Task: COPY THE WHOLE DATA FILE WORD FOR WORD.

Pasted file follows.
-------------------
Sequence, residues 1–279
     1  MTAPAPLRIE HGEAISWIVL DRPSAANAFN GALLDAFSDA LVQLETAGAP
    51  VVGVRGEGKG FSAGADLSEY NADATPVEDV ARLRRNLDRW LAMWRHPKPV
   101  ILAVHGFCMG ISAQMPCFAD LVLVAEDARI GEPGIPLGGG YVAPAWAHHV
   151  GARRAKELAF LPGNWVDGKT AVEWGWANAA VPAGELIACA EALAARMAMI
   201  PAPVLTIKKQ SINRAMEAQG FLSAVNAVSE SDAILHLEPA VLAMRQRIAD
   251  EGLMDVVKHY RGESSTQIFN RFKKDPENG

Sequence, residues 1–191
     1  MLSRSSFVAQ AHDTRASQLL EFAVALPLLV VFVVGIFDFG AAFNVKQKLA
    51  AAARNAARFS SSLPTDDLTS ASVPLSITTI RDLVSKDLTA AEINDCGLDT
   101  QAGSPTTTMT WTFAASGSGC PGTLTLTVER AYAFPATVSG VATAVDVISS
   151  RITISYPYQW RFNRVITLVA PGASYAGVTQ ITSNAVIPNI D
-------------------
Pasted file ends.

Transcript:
Sequence, residues 1–279
     1  MTAPAPLRIE HGEAISWIVL DRPSAANAFN GALLDAFSDA LVQLETAGAP
    51  VVGVRGEGKG FSAGADLSEY NADATPVEDV ARLRRNLDRW LAMWRHPKPV
   101  ILAVHGFCMG ISAQMPCFAD LVLVAEDARI GEPGIPLGGG YVAPAWAHHV
   151  GARRAKELAF LPGNWVDGKT AVEWGWANAA VPAGELIACA EALAARMAMI
   201  PAPVLTIKKQ SINRAMEAQG FLSAVNAVSE SDAILHLEPA VLAMRQRIAD
   251  EGLMDVVKHY RGESSTQIFN RFKKDPENG

Sequence, residues 1–191
     1  MLSRSSFVAQ AHDTRASQLL EFAVALPLLV VFVVGIFDFG AAFNVKQKLA
    51  AAARNAARFS SSLPTDDLTS ASVPLSITTI RDLVSKDLTA AEINDCGLDT
   101  QAGSPTTTMT WTFAASGSGC PGTLTLTVER AYAFPATVSG VATAVDVISS
   151  RITISYPYQW RFNRVITLVA PGASYAGVTQ ITSNAVIPNI D